Just passing through: Japanese cyclists stop in Salisbury during cross-country ride
Published 12:00 am Saturday, May 14, 2022
Just 11 days ago, Kosuke Inano and Masaya Hayshi, left Washington, D.C., on their bicycles. They stopped in Salisbury on Tuesday evening, spent the night in a tent, ate breakfast at Jeter’s Deli and grabbed a shower at the YMCA on Wednesday morning.
I got a call from David Stafford at the Hurley Y early on Wednesday morning that the cyclists were in town, and somehow had ended up pitching a tent at the Y. David said, “They called in and our front desk folks listened as they asked questions. Not really sure what they were asking, one of staff said that we must have agreed to let them pitch the tent here. I told the men about your cycling, and they were eager to talk to you.”
I was immediately excited too, changed a few lesser plans and headed to the YMCA.
Very personable, young and fit, both men were all smiles as we talked about their plans. I gave them a book about my desert and southern border adventure from last summer. As we talked, I learned that they planned to do much of the same trip but going east to west toward California.
The duo, from Osaka, Japan, plan to arrive in Los Angeles somewhere close to July 20. Kosuke is 26 and speaks better English, while Masaya is 24 and is constantly filming videos. As the veteran cyclist, Kosuke has already visited the United States and pedaled Route 66 to Santa Monica, California. He said, “Route 66 is famous in Japan and there is a Japanese dream about riding it. I love the U.S. and Americans. They have been so generous and helped me with food, money and places to stay on my trip three years ago. I was traveling around the world, using trains, the bus and walking. I bought the bike in New Jersey.”
Kosuke said, “I am always thinking about traveling. I want to challenge myself and not waste time sitting around. When we arrive in the Los Angeles area, we are likely to head for South America. I’m a little concerned what will happen because neither of us speak Spanish. There is no end to our ride in sight.”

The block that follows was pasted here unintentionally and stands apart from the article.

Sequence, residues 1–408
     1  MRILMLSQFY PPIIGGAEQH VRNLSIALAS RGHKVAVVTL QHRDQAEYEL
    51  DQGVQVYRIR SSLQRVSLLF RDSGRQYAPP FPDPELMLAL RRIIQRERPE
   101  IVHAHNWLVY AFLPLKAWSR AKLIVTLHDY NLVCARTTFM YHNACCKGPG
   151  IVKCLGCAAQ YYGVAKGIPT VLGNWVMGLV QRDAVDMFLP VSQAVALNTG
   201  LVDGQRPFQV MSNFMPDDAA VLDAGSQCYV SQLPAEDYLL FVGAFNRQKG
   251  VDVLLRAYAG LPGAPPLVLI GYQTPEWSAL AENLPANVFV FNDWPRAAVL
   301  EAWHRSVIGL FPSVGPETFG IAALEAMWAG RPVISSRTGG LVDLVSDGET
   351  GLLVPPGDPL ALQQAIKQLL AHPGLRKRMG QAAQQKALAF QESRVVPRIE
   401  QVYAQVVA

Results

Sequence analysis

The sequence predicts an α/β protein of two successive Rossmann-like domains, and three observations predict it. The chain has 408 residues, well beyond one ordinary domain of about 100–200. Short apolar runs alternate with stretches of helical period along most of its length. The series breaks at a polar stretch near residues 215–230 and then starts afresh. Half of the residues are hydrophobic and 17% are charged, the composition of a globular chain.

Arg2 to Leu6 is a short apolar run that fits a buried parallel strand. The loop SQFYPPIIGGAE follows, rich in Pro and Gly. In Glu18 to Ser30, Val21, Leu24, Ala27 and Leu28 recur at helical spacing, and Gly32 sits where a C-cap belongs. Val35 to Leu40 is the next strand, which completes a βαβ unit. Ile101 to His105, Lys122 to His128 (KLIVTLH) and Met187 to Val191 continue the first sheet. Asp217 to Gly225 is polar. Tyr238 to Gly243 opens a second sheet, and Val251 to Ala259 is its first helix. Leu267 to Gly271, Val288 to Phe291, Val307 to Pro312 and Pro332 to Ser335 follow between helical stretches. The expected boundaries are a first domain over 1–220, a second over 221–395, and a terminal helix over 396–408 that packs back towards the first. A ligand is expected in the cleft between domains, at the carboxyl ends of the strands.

Masaya is on his first trip in the United States and he and Kosuke plan to make their way toward the Southern border of the United States. Kosuke said, “Our goal right now is to head for Charlotte today and start working our way toward New Orleans. I’ve heard about the music and how beautiful the city is, how scenic the gulf area is. Then we will head to El Paso, Texas, and on to Phoenix, Arizona, before finally reaching Los Angeles.”
As endurance cyclists do, I shared with both men about my impressions of the two cities. El Paso was crowded and hot, and I thought the hills and traffic would never end. But I liked Phoenix a lot more, just because there were many well-kept areas with colored gravel yards in place of grass. Both cities had plenty of convenience stores.
We shared what others consider a surprise about long-distance cycling. Kosuke said, “I love meeting new people. The cycling is about meeting people, but its harder to meet people in the big cities. I love the small towns the most, where people seem to care a lot more.” Most think that cycling travel is about the scenery along the way, but it is truly about the people.
I shared with both men how I thought that they should get to Charlotte from Salisbury, and they told me that they were big fans of Walmart, where they stopped for supplies last night. I suspect their bikes came from Walmart too. Kosuke said his phone wouldn’t receive calls in the U.S., but he was quick to find a map following my suggested route. I told them that there will be few Walmarts along the southern border, but there is a better chance for Dollar Generals, even in the more secluded areas.
I plan to keep in touch with both men and will update Post readers as Kosuke and Masaya continue their travels.